Home National Politics Vote Suppression, Thy Name is North Carolina

Vote Suppression, Thy Name is North Carolina

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North Carolina moved closer late tonight to passing a massive 56-page vote suppression law Here is the latest version of the bill. You see, photo ID isn’t the half of it. This vast 56-page bill is geared toward keeping Dems from ever winning again.

The irony of “Welcome to North Carolina” is amazing. As I write this, North Carolina’s controlling party conspires to destroy democracy for those living here now and in the future, indeed for all time. The state I love and reside in is lost. I am not an Eric Holder fan but today I say TGFEH. After Texas, come on down to NC.

Here’s what the News and Observer says about the effort:


Voting statistics in North Carolina show Democrats are more likely to vote early and vote straight ticket, two of the practices targeted by the bill. A state study also estimated more than 300,000 registered voters lack driver’s licenses or other forms of state-issued ID, most of them elderly or low-income minorities. A Democratic amendment to add student ID cards from universities and community colleges was rebuffed.

Read more here.

I will write in more detail when the final bill passes, but so far this is what is included (You have to read the length and breadth of this to believe it):

*Allows vigilante vote suppressionists whether the GOP, True the Vote or vengeful individuals to challenge any voter from voting. Anyone who resides within one’s county may challenge a voter’s right to vote at the polls.  Can you imagine what voting will be  like with the Tea Party vote suppressionists of 2012 enabled by this law?

*Expands the scope of when voters may be challenged and purged.

*Purges voters more frequently (at least twice a year).

*Cuts number of early voting days from 17 to 10, while keeping number of hours total the same.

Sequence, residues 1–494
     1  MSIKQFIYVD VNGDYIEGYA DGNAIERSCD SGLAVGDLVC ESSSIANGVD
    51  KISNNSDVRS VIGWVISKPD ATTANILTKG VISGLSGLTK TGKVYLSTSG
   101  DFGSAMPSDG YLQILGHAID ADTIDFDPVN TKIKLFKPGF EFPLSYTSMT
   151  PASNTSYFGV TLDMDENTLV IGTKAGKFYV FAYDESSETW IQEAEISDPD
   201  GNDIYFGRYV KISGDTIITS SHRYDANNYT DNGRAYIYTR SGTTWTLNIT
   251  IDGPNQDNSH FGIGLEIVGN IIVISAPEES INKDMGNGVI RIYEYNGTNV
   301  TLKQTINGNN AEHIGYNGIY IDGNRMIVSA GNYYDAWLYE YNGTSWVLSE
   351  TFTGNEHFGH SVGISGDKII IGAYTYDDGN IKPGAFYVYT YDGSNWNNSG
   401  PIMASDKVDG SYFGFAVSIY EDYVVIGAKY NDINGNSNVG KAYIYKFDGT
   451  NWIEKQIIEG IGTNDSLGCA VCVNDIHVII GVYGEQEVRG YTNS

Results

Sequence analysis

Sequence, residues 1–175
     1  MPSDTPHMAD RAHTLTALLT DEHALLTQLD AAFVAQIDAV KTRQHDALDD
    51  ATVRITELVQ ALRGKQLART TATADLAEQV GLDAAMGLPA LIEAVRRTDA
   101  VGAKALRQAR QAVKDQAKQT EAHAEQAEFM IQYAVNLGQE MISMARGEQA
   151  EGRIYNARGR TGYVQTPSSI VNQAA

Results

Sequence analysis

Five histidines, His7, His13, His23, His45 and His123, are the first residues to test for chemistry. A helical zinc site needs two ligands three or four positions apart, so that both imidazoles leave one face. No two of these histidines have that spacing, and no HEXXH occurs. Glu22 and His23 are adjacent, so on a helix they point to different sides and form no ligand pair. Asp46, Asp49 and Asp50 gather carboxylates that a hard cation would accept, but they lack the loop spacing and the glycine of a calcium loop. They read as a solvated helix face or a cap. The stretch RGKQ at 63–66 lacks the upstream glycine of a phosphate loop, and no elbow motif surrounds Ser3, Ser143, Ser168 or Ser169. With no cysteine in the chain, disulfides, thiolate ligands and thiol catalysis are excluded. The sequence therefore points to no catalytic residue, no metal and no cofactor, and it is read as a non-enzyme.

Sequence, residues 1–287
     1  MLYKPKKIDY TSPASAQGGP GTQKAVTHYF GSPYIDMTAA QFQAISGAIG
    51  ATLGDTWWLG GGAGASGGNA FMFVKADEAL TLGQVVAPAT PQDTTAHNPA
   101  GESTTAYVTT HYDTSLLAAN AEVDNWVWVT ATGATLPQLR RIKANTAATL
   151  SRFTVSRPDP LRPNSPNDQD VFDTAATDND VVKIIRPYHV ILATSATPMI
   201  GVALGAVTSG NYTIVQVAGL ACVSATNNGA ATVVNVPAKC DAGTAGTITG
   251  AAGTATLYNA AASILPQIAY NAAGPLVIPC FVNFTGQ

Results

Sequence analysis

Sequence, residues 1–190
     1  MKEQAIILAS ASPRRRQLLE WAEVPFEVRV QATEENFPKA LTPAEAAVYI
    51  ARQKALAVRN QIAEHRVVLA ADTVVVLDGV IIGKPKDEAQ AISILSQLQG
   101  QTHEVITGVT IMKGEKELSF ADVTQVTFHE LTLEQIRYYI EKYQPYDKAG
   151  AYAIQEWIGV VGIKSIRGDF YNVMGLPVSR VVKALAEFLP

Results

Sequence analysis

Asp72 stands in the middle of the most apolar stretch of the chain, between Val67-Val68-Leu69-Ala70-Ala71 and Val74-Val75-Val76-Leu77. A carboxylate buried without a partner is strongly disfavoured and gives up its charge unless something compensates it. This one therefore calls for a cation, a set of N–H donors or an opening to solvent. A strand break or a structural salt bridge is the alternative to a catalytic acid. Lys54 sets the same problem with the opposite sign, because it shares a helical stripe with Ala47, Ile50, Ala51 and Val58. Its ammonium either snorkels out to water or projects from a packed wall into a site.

*Changes rules for special elections.

*Ends same-day registration.

*Eliminates language assuring the voter can verify their vote before casting it (we were previously able to print a complete ballot from a voting machine and then handle it (and even check it before putting it in the vote counting machine).

*Another provision on P 42 appears to eliminate paper ballots altogether, thus eliminating a paper trail.

*Eliminates straight ticket voting.  When there are many races including federal, state and local candidates, voters can save time by voting for all state races by marking one box.  More Dems than Republicans vote straight ticket.  

* Raises to $5,000 the amount candidates can solicit from voters per individual per candidate, but essentially allow any amount of donation.

*Eliminates limits on corporate donations to candidates.

*Repeals the requirement for candidate to stand by their ads.

*Allows attack ads without providing the attacking organization must identify itself.

*Forbids polls from staying open longer for unusual circumstances.  Voters can vote if they are already in line when polls close.

*Eliminates pre-registration of 16 and 17 year olds.

*Requires photo ID

*Bans student IDs from state colleges or private universities for identification.  Also bans local government Ids.

*Eliminates provisional ballots.

*Eliminates paid voter registration drives -paying per registration (the only thing I agree with).

*Moves up primary day for North Carolina. God forbid it should be last in absolutely everything.

*Eliminates instant runoffs for judicial races.

* Eliminates public funding of judicial races. Better to have judges owned by corporations! (Snark.)

It pains me to once again have to say, don’t North Carolina Virginia.  Of course, some of the 21st Century improvements now being eliminated have never been part of Virginia’s voting.  Even so, North Carolina now moves to the bottom in terms of nearly everything.  As Ari Berman says, this is a four-step plan.  You win with buckets of corporate money, you severely gerrymander the districts, you do corporate bidding and try via voter laws to keep voters from ever voting you out.  

  • KathyinBlacksburg

    By shortening the number of early voting days by a week, and keeping the number of hours constant, the GOP has assured that the registrars won’t be able to find people to work the already long hours.  As it is, many of today’s election workers are elderly.  And the election day is very long.  They are already there from early in the morning (I believe around 5 AM) until as long as it takes to certify the vote (sometime between  9PM or later). Sometimes it is much later.